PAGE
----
Here is where the story really picks up. Unfortunately, Claire’s sister-in-law, Veronica, must leave the next day to take care of her ailing uncle, and Ben will be joining her a few days later, which will leave Claire alone at their house to take care of things. After a very pleasant few days with her brother enable her to become familiar with the house again, she is on her own. And that is when a series of strange happenings begin, only interrupted by the author’s frequent descriptive prose of British Columbia’s scenery that tends to slow down the story.
Claire’s days are filled with writing poetry, watching and identifying the local birds, and exploring the nearby town. But when objects go missing and messes appear in the house that Claire can’t remember making, she begins to believe she is losing her mind. She is particularly afraid after Jane moves into the nearby house, which she is renting from Ben.
The most frightening part of the story for the protagonist is when she realizes whole days have been erased from her memory, most especially when Jane is found dead, followed shortly afterwards by her other son, Edmund’s lifeless body being found on the beach below the house. Claire had no idea that Edmund had come west and had assumed he was still back in Ontario.
Throughout the story, I had rooted for Claire and believed she had been framed for murder, but then the story takes a surprising twist. The ending will surprise you while keeping you guessing. What really happened? Louise Carson’s answer is well worth reading.
Valerie Green was born and educated in England where she studied journalism and law. Her passion was always writing from the moment she first held a pen. After working at the world-famous Foyles Books in London, followed by a brief stint with M15 and legal firms, she moved to Canada in 1968. She married, raised a family, and embarked on a long career as a freelance writer, columnist, and author of over twenty non-fiction historical and true-crime books. Her debut novel Providence has recently been published by Hancock House as the first of The McBride Chronicles, an historical four-generational family saga bringing early BC history alive. Now semi-retired (although writers never really retire!) she enjoys taking short road trips around BC with her husband, watching their two beloved grandsons grow up and, of course, writing. Editor’s note: Valerie Green has recently reviewed books by Winona Kent, Michael Kluckner, Jennifer Manuel, Barbara Smith, Ian Gibbs, Helen Edwards, and Michelle Barker for The British Columbia Review.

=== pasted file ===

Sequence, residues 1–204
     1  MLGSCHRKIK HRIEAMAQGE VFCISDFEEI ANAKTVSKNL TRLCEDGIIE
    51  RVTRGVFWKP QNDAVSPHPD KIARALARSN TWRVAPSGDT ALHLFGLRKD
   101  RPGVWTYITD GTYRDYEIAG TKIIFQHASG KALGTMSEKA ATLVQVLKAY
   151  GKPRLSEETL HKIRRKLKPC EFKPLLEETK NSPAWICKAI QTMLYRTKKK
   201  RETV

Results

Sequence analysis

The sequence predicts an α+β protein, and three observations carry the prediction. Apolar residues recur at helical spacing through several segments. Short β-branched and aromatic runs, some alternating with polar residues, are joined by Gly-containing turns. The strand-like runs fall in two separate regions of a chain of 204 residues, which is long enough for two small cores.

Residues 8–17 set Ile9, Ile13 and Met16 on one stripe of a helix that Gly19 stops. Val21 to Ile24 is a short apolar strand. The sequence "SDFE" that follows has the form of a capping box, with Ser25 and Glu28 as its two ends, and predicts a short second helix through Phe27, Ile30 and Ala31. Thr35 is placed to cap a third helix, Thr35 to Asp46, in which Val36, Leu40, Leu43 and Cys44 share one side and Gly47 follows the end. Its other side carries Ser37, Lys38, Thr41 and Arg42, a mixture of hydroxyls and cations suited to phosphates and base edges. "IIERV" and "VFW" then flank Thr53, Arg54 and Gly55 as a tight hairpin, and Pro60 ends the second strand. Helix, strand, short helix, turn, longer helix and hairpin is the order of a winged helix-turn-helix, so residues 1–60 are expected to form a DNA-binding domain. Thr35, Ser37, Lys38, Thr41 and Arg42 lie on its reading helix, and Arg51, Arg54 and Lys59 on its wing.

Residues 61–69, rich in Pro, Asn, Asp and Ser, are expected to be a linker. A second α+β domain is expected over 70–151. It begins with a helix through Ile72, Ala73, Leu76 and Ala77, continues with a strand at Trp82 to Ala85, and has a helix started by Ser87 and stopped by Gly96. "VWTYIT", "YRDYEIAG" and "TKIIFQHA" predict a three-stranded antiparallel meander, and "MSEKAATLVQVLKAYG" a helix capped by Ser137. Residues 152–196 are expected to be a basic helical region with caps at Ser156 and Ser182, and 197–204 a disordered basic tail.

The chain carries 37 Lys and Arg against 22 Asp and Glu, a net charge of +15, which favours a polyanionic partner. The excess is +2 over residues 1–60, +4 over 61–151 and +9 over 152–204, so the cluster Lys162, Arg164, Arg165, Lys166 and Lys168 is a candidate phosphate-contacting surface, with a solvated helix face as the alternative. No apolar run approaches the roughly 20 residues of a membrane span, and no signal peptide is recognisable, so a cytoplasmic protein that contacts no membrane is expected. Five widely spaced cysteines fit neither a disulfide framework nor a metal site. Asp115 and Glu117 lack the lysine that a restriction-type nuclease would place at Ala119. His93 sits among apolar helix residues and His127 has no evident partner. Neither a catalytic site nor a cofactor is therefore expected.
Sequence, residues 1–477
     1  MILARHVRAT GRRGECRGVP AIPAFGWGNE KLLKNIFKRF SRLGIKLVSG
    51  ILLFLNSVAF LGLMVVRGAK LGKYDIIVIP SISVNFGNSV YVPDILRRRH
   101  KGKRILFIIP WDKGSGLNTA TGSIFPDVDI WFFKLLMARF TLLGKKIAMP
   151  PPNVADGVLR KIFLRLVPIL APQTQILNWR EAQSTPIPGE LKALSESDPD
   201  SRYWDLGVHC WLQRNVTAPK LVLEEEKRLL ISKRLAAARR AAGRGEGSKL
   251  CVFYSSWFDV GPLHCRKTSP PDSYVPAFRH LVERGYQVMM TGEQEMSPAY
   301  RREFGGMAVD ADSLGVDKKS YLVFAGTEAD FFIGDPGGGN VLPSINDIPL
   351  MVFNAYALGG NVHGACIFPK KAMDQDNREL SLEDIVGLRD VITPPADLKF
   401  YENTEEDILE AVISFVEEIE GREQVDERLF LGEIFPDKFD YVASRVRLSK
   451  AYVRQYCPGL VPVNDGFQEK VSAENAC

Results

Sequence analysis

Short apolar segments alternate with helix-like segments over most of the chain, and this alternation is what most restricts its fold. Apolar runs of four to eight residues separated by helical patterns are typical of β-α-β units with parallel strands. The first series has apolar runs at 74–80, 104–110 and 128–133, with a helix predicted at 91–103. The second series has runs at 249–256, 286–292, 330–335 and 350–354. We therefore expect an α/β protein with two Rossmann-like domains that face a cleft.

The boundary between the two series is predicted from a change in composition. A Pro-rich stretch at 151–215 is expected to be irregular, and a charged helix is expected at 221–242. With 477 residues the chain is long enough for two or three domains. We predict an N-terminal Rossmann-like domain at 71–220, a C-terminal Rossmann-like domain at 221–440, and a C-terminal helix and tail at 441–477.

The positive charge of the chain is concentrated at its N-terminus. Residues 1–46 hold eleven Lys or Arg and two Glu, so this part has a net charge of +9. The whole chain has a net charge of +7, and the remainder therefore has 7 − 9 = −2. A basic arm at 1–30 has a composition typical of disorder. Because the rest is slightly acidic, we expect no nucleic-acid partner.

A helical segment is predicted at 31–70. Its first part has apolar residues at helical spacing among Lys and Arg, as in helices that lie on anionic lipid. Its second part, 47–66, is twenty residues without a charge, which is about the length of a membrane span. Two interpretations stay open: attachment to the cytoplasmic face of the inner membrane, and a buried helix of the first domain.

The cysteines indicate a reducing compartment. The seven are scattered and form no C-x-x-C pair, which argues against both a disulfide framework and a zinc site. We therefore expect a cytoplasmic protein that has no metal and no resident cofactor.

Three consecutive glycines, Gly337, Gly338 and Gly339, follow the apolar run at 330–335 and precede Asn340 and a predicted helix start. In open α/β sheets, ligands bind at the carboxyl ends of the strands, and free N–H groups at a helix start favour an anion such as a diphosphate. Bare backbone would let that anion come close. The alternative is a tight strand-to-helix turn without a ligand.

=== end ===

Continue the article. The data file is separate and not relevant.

The British Columbia Review
Interim Editors, 2023-24: Trevor Marc Hughes (non-fiction), Brett Josef Grubisic (fiction)
Publisher: Richard Mackie
Formerly The Ormsby Review, The British Columbia Review is an on-line book review and journal service for BC writers and readers. The Advisory Board now consists of Jean Barman, Wade Davis, Robin Fisher, Barry Gough, Hugh Johnston, Kathy Mezei, Patricia Roy, Maria Tippett, and Graeme Wynn. Provincial Government Patron (since September 2018): Creative BC. Honorary Patron: Yosef Wosk. Scholarly Patron: SFU Graduate Liberal Studies. The British Columbia Review was founded in 2016 by Richard Mackie and Alan Twigg.